Only there was this one thing, the Anakim were there.  The Anakim were giants, nonetheless their stature brought no fear in the heart of Caleb.  He was ready to “drive them out,” (Joshua 14:12).  In fact, when the rest of Israel was ready to run scared when God first brought them to the Promised Land, he and Joshua was ready then to take care of business.  Years later, this aged gentleman, as some would consider him, was still just as ready to take what God had promised to him.

A lot of times God gives us promises but in our eyes it may look insurmountable.  Obstacles are in the midst of the promise that makes it appear as though one can never possess it.  I like that Caleb was 85 years old.  I like that it was over 40 years before he had the opportunity to go for his promise.  I like that there were giants in the land that made it look impossible.  I like these three points because they are some of the most popular reasons people give up on waiting for the promises of God.

1.  Caleb was 85 years old, this implies limitations.  Instead of looking to God   for their source too many people focus on their own limitations, their own inabilities to get the job done.  Not Caleb!  He didn’t care about his age, God promised it and he was ready for it.  It is as the British Evangelist John Flavel stated, “Man’s extremity is God’s opportunity.”  The Bible says that God is “able to do exceeding abundantly above all that we ask or think,” (Ephesians 3:20.  Take the limits off of yourself, and more importantly, take the limits off of God.

2.  Over 40 years implies waiting.  This is something that is very hard for most people.  Many times over in the Bible people waited quite a bit of time before they laid hold of what God said He would do in their lives.  If God said it then He will do it, but our job is to wait.  Here are some encouraging reminders about waiting on God:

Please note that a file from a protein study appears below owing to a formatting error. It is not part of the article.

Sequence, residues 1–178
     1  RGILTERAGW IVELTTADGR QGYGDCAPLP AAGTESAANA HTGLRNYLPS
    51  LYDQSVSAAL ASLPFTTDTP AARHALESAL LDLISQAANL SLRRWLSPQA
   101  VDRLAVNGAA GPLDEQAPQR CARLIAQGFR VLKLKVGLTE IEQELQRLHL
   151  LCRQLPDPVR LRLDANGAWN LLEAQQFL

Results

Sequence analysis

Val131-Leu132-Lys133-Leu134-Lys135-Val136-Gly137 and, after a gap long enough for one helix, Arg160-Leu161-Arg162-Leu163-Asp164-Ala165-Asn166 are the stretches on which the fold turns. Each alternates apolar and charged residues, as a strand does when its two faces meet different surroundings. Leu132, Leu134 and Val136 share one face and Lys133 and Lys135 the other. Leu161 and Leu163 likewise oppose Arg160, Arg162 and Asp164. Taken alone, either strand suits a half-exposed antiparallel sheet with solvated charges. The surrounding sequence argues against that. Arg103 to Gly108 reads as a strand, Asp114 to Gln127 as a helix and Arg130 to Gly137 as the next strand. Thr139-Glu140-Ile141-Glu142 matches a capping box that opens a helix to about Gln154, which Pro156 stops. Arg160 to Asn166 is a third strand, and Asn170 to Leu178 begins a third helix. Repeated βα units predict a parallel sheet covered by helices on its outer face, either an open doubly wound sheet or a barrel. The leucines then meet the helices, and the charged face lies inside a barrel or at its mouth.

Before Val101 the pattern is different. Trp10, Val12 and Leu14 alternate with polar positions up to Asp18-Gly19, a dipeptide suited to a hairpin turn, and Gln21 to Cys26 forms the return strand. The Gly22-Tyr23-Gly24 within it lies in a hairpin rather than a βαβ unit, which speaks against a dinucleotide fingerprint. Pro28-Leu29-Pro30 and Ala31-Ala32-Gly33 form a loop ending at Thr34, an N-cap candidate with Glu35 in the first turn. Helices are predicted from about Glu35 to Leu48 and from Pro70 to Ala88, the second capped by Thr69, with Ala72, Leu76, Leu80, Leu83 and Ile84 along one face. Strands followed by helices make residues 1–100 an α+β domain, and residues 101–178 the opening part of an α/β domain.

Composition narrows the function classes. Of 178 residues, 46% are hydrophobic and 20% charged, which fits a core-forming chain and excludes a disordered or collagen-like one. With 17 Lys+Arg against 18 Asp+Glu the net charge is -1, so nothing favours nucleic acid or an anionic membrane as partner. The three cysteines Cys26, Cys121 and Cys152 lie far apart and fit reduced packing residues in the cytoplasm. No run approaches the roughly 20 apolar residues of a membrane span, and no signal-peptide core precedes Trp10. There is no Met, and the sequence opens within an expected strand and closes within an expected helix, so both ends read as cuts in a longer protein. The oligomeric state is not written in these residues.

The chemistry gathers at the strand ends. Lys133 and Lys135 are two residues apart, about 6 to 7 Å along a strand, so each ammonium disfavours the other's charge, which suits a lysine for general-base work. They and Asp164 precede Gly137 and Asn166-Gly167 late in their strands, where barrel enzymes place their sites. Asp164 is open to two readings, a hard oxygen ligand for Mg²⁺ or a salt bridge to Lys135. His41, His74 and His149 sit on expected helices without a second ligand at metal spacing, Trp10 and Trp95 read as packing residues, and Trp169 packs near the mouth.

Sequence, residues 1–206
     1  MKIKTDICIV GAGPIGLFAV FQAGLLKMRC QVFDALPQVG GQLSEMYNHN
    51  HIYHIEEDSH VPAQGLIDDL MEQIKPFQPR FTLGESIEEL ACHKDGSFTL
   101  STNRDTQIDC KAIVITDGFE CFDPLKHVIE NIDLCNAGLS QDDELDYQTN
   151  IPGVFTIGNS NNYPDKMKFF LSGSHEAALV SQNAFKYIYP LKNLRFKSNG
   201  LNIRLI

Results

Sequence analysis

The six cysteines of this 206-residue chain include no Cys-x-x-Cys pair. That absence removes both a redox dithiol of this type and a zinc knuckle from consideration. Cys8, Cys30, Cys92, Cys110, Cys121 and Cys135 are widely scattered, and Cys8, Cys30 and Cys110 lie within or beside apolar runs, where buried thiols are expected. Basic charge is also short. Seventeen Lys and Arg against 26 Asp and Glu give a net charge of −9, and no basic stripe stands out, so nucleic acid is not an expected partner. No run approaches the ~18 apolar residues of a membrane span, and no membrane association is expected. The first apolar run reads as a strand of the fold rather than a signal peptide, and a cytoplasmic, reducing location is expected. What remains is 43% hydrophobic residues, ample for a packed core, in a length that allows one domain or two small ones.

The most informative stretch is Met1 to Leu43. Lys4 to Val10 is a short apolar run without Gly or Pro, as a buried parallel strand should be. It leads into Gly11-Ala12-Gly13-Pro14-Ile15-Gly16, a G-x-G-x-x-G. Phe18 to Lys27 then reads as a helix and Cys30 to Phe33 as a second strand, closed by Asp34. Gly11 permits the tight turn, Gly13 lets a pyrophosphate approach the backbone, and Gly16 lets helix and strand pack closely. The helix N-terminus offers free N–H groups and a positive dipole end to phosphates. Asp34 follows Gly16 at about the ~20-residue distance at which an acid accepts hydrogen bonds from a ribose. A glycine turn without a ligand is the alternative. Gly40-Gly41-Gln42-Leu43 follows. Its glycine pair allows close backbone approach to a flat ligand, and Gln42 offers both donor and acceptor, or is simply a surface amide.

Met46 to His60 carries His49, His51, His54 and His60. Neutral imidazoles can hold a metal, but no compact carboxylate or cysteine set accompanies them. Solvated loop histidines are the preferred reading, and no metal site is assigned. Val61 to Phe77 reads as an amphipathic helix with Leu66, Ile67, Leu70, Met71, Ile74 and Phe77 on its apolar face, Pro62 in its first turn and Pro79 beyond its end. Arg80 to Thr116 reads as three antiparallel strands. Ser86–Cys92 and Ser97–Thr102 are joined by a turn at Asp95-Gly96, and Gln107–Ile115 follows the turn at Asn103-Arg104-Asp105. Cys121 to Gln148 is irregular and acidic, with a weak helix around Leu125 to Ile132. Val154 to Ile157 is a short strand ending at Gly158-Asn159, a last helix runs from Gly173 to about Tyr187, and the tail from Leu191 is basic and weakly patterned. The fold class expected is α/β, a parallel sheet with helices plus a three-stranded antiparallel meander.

• “But they that wait upon the Lord shall renew their strength,” (Isaiah 40:31).
  • “The Lord is good unto them that wait for him, to the soul that seeketh him,” (Lamentations 3:25).
  • “Therefore I will look unto the Lord; I will wait for the God of my salvation: my God will hear me,” (Micah 7:7).

3.  There being giants in the land implies obstacles.  Many people look at their dreams, their hopes and the promises of God and can believe them for everyone else except themselves.  To them, it looks as if they can never possess it.  This is a hopelessness that God does not desire to see in His people.  The Bible says, “The just shall live by faith.”  This is a key verse in Scripture and God  made sure it was put in there four times (Hab. 2:4; Rom. 1:17; Gal. 3:11 and Heb. 10:38).  We are to have more faith in the God we serve as Caleb did when he said, “It may be that the Lord will be with me,” (Joshua 14:12), then in the obstacles before us.

Don’t be afraid to take your mountain today!  Don’t be afraid to go after what God has already promised you.  Don’t look at your limitations, the waiting or the obstacles.  God can and will overcome it all to fulfill what He promised to you!  God bless.